Founded in 1999 and acquired by Amazon in 2009, Zappos has long been admired for its attitude to staff and customers.
This focus is all about retention of customers and staff. And it saves the company a fortune on marketing and recruitment.
Indeed, Zappos can boast customer retention rates of 75%, while staff rates are 85%, figures not many other firms can match.
Companies are often more focused on acquisition than retention, but Zappos has turned this on its head, looking to market itself through quality of service.
It’s worked too, with Zappos reaching $1bn in annual sales before the Amazon acquisition.
Here are just a few lessons that can be applied to other businesses…
I’ve divided this post into points on staff and customer retention, but there is a lot of crossover.
For example, empowerment of staff makes for better customer service, which means happier customers and greater retention rates. You get the picture…
Staff retention lessons
A great work environment
Offices full of computers, phones and desks can be pretty dull places. As Paul Boag explains, the workplace is vitally important for staff retention and effective collaboration.
Zappos tries to make its office fun for employees, allowing them to customise desks and pretty much turn it into a jungle.
It may look crazy but there is a serious purpose behind this.
Giving employees responsibility
One of the biggest gripes when calling customer services is the fact that, no matter how they may understand your issue, the staff have their hands tied and can only work within certain limits.
This means frustration for the customer, and the inevitable demands to speak to a manager. It’s not good for employees either (I’ve been that call centre agent in the past) as they simply can’t do the job properly.
The solution is simple: trust your employees and give them the responsibilty. The best staff will respect you for it and customer service will improve.
That’s what Zappos does: staff can give people a free pair of shoes if they feel the situation merits it. No need to have people waiting for a call from their team leader.
This may seem a trivial point, but this and the other employee benefits offered by Zappos have a positive effect on staff morale.
Also, though some hot meals come with a small charge, healthier options like salads and cereals are free. All staff also receive a generous 40% discount on any purchases from the site. And there are more.
Benefits like this show staff that the company cares about them and wants them to enjoy their jobs and the company culture.
Of course, there are costs associated with providing these benefits, but Zappos has taken the view that happy employees make for better service, and that higher staff retention rates means less spent on recruitment and training.
Recognition for staff
Staff want to be rewarded financially, but recognition from managers and colleagues for good work can be just as important.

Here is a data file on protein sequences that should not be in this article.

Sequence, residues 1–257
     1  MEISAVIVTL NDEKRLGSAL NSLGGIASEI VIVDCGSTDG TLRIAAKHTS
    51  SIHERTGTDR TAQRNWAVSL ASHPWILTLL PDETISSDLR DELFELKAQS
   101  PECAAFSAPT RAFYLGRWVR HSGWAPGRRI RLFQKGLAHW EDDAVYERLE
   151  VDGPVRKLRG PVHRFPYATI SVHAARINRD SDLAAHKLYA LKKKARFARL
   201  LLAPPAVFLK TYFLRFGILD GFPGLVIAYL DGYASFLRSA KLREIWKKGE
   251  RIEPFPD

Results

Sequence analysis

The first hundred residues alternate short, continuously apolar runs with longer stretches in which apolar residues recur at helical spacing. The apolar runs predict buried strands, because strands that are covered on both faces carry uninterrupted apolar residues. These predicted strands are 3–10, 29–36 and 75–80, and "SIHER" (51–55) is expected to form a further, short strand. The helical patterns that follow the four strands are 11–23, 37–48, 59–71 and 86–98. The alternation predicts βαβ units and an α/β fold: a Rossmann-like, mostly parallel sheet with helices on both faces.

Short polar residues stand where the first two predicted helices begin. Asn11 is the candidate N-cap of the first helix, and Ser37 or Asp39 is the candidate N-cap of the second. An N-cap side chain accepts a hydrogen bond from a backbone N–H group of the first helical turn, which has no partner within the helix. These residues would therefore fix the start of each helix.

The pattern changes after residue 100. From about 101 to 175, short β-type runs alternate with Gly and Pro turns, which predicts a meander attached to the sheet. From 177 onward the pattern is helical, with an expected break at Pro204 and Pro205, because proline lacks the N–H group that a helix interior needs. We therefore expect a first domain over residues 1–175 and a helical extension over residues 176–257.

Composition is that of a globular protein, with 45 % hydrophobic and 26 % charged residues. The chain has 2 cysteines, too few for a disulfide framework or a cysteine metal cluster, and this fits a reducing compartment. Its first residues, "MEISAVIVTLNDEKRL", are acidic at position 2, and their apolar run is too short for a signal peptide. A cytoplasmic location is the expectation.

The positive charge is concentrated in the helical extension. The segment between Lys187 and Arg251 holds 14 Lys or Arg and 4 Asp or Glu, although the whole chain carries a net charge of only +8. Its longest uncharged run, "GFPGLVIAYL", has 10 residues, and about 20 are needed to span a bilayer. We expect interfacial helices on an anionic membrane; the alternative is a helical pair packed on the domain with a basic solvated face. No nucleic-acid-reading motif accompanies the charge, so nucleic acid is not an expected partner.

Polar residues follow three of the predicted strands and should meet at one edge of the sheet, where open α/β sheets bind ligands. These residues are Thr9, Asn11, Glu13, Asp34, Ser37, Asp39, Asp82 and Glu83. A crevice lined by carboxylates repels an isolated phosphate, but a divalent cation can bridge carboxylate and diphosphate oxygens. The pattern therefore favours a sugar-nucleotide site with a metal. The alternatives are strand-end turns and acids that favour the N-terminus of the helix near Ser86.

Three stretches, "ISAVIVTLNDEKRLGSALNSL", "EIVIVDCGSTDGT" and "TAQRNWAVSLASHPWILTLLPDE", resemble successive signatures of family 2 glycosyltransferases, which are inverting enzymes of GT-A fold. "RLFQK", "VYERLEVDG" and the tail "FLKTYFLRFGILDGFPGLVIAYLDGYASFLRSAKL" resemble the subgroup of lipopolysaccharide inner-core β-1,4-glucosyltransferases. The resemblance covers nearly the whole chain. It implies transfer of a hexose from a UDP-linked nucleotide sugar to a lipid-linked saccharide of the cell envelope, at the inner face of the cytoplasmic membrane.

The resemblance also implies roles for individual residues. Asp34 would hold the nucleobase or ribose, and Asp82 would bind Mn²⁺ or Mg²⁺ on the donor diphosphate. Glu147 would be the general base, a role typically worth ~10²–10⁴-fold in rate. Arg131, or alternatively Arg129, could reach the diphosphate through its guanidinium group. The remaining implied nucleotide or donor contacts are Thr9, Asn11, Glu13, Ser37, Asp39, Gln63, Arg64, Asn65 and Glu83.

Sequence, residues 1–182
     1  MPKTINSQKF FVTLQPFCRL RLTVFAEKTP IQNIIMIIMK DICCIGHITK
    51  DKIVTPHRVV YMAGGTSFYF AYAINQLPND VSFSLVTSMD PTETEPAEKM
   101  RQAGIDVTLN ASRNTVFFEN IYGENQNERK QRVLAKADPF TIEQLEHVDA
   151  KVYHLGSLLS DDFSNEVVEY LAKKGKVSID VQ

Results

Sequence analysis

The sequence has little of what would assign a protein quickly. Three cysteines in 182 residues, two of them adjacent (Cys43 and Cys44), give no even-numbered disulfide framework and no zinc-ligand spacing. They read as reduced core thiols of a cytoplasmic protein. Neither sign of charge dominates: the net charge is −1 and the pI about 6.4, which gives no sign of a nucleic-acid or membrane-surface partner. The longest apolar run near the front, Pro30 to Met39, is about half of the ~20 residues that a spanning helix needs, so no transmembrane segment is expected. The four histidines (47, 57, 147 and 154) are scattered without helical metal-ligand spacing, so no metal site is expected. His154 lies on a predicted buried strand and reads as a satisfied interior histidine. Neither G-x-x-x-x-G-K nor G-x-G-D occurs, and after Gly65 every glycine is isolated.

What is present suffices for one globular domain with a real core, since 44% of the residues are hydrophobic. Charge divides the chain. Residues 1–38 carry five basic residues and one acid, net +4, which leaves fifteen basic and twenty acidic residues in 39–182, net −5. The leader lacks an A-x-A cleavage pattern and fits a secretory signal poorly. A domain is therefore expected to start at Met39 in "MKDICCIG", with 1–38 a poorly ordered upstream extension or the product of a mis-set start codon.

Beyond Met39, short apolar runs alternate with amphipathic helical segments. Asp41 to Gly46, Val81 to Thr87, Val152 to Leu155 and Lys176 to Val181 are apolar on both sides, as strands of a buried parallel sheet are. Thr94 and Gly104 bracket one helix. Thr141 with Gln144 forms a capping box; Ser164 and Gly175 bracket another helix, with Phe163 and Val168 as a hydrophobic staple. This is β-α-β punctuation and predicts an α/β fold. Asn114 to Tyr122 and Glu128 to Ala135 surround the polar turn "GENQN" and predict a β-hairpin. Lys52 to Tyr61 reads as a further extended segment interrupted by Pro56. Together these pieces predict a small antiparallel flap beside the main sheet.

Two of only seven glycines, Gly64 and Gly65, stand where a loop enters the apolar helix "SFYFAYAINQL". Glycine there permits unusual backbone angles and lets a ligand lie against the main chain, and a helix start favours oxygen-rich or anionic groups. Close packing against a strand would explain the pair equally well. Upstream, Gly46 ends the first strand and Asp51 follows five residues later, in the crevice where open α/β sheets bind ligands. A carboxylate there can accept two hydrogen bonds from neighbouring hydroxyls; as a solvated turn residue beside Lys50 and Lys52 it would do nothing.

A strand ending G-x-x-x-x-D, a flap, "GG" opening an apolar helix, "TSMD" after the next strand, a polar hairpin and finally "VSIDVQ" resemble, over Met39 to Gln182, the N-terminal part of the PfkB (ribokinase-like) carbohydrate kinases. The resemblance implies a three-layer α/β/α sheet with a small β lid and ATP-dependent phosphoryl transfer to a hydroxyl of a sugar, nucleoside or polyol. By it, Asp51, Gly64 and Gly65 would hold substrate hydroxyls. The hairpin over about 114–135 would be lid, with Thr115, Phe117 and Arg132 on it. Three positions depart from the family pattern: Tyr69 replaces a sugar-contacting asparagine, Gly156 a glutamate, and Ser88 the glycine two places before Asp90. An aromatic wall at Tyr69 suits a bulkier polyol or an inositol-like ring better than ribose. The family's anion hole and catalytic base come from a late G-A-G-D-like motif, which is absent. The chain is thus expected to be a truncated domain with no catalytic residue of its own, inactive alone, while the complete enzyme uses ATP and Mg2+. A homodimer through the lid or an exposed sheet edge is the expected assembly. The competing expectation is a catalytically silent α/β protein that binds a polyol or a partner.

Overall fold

Customer retention lessons
Shoes can be tricky to buy online. Since you can’t try them on, it’s hard to know exactly whether they’ll fit when the package arrives.
To avoid this, Zappos provides as much information about the fit of shoes as possible.
In addition to this survey summary, there’s lots of related information among the reviews. You can’t be 100% certain, but increasing the likelihood of finding the right fit makes for happy customers.
And, if shoes don’t fit, reassuring customers that they can return them easily is the next best step.
More importantly perhaps, returns are free so customers don’t incur any costs if shoes just don’t fit.
According to Craig Adkins of Zappos:
Our best customers have the highest returns rates, but they are also the ones that spend the most money with us and are our most profitable customers. Zappos’ modus operandi is not to give its purchasers the cheapest footwear on the block, but to give them the best service: hence, a 365-day returns policy, and free two-way shipping.
The personal touch
This is a great example, in which the employee has gone the extra mile to ensure the customer is happy. She didn’t need to do this, but the result is an even more happy customer, and one that will be a brand advocate.
It also leads to lots of positive stories online, which further reinforce the brand image.
Getting the last mile right
This is vitally important, as delivery issues are guaranteed to deter repeat purchases, but Zappos focuses on getting the last mile right.
In a nutshell, it’s about under-promising and over-delivering. While Zappos promises delivery within five business days, the majority of orders are shipped overnight.
Looking at the right customer service metrics
In the past, I’ve worked at call centres where team leaders and management spent more time worrying about service levels and call metrics rather than whether or not customers actually received good service, which is what really matters.
In fact, staff were often told to manually note down customer details for a later callback rather than actually dealing with the problem there and then. That may mean targets are met, but it does nothing at all for the customer.
Instead, Zappos focuses on metrics which measure whether the customer’s problem has been dealt with, and whether agents have made a connection with the caller.
This is better for customers and staff alike.
A focus on customer service
Providing excellent customer service is central to the company culture, with the aim to ‘deliver WOW through service’.
Good customer service means happy customers who are more likely to buy again, and to become advocates. It’s a great marketing strategy when you get it right.
Our Festival of Marketing event in November is a two day celebration of the modern marketing industry, featuring speakers from brands including LEGO, Tesco, Barclays, FT.com and more.